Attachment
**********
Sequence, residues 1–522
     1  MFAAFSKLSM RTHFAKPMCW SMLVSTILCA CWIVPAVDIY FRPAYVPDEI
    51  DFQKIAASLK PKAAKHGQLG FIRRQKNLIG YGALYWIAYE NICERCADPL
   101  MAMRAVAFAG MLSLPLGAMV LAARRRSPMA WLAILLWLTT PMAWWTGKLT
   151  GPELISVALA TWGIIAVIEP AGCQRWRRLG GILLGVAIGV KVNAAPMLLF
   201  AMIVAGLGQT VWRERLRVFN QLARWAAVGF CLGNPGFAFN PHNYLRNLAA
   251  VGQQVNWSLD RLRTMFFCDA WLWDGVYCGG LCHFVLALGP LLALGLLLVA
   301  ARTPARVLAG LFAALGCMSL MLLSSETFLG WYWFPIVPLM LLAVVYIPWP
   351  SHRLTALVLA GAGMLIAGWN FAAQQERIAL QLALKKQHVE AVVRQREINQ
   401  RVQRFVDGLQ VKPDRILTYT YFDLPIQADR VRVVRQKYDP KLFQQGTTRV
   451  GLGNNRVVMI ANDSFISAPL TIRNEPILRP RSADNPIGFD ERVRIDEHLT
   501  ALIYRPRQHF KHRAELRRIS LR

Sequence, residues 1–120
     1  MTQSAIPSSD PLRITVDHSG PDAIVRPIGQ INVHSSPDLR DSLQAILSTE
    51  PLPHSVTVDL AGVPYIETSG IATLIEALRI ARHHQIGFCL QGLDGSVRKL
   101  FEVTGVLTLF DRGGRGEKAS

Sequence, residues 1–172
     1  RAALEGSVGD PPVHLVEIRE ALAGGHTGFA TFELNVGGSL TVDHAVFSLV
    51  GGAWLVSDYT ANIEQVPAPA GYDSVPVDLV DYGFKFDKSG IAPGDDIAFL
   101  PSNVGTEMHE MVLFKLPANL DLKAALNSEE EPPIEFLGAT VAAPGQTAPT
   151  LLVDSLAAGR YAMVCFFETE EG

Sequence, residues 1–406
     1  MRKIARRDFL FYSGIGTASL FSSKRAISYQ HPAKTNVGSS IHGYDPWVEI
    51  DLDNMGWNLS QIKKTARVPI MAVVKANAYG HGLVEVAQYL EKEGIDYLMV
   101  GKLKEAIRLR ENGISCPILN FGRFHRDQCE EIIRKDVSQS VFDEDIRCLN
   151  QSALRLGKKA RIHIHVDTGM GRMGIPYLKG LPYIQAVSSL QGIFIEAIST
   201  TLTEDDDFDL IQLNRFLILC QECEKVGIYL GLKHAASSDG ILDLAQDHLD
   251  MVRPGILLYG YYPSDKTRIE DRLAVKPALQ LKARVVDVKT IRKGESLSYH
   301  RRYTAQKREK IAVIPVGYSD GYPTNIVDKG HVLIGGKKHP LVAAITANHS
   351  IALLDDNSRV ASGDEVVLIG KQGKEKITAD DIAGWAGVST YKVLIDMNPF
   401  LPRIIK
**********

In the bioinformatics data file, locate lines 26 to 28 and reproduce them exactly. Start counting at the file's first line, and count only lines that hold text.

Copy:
   151  QSALRLGKKA RIHIHVDTGM GRMGIPYLKG LPYIQAVSSL QGIFIEAIST
   201  TLTEDDDFDL IQLNRFLILC QECEKVGIYL GLKHAASSDG ILDLAQDHLD
   251  MVRPGILLYG YYPSDKTRIE DRLAVKPALQ LKARVVDVKT IRKGESLSYH